FAYETTE COUNTY, WV (WOAY) – The Fayette County Commission met on Wednesday in a special session to talk Abandoned Mine Land grants. The hope is to secure two big ones to further develop multi-use trails in the area in the Upper Kanawha Valley and at Wolf Creek Park.
The River Cities Trail has been in the works since about 2018. This will be a huge multi-use trail in the Upper Kanawha Valley that will connect the Tech Trails on the old WVU Tech campus in Montgomery to the bridge to Smithers. Then, there will be a riverside trail that will stretch from the Montgomery Marina to the Gateway Center in Smithers and then on to Cannelton.
It is a project that both Montgomery Mayor Greg Ingram and Smithers Mayor Anne Cavalier have been advocating for trying to secure the full $1.8 million to complete.
In Wednesday’s meeting, the county commission pledged $150,000 in matching funds if they receive the grant. They’re hoping to get matching funds from Kanawha County as well.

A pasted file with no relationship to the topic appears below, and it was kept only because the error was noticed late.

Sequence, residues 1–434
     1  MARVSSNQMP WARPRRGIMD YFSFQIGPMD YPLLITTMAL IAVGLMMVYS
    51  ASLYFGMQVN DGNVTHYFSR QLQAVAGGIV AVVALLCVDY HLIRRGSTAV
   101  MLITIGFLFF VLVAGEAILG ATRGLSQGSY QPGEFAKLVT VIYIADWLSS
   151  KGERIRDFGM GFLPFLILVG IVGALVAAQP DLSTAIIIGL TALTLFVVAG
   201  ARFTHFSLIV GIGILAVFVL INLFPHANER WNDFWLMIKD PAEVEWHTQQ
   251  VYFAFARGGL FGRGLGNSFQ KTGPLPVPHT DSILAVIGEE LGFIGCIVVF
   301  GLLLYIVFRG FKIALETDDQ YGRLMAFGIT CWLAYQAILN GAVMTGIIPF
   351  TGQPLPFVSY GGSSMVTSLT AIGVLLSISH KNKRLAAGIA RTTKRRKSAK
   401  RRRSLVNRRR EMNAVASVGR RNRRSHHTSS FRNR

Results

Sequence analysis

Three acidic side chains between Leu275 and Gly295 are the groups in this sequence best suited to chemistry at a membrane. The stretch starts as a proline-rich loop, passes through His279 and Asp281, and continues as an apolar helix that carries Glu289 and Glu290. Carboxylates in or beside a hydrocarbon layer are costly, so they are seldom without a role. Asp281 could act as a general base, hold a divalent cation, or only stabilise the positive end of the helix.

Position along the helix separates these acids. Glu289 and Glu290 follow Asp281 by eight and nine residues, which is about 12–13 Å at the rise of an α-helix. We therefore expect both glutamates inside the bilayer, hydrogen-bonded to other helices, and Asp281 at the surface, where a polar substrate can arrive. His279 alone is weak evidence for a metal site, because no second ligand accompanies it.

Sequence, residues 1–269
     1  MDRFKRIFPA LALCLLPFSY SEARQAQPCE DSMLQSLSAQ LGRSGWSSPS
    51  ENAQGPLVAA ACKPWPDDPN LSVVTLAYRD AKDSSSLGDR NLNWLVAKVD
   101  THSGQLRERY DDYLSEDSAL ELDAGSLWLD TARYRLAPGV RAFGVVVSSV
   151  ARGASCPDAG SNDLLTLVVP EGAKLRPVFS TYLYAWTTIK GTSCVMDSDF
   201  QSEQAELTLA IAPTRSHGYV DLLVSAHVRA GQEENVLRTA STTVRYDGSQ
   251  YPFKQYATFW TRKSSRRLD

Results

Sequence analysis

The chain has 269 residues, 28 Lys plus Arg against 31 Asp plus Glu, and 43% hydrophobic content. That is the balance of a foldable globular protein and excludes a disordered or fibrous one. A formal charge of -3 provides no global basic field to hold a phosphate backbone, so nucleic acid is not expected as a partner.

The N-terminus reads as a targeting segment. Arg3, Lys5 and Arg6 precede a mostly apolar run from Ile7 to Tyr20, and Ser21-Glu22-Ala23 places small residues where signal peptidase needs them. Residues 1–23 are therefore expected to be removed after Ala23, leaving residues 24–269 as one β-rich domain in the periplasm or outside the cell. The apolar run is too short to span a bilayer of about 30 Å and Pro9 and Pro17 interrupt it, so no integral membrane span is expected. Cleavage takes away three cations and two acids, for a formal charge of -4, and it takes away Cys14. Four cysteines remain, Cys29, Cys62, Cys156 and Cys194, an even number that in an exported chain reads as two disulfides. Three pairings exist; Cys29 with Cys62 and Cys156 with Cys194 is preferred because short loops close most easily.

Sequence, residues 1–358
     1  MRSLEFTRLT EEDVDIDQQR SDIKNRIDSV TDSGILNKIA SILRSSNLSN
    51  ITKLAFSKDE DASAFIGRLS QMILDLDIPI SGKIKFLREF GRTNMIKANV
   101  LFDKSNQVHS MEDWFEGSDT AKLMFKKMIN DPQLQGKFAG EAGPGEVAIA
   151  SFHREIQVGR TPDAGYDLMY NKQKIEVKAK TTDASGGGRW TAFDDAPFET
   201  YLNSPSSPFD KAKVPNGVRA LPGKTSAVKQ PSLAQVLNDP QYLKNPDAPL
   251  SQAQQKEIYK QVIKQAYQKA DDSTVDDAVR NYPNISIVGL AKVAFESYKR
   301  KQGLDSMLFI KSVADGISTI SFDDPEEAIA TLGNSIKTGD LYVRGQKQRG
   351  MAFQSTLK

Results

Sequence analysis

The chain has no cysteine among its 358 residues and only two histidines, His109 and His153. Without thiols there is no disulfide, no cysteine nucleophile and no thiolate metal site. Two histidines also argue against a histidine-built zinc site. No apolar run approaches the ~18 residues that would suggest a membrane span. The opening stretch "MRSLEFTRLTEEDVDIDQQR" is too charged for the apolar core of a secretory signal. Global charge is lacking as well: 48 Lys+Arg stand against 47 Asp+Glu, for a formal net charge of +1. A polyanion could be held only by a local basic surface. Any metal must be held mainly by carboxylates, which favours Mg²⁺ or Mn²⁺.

“It would be a trail, a public space for all users, users of all types, all ages,” Fayette County Resource Coordinator Gabriel Peña said. “Pretty moderate and a riverside trail that really capitalizes on the natural beauty of the Upper Kanawha Valley.”
It is also aimed to capitalize on the potential for adventure tourism in an area in need of an economic boost.
The hope is that the matched funding as well as the county’s letter pledging the support will make the initiative competitive to win the funding this year. This will add to Fayette County’s overarching mission to connect the entire county through trail systems.
“It’s something that takes a little bit of time,” Commissioner John Brenemen said. “In the past we’ve relied on other resources to keep the county going and those resources just aren’t working out that well, so we need to start looking toward different resources in order to bring the economic development back in.”
A good example of this is Wolf Creek Park in Fayetteville. This past year the county invested $150,000 of coal severance to begin trail development at the business park. Because of a strong volunteer effort to build trails on top of the recent professional development, it’s been actively used already.
Wolf Creek Park will also be applying for grant money to get a conservation easement on 740 acres of the park to further develop.
“The trail’s not totally complete yet, but what they have completed is being heavily used at this point by the mountain bike community within Fayette County, New River Gorge region all over the East Coast,” Peña said.
The grant applications are due at the end of the month.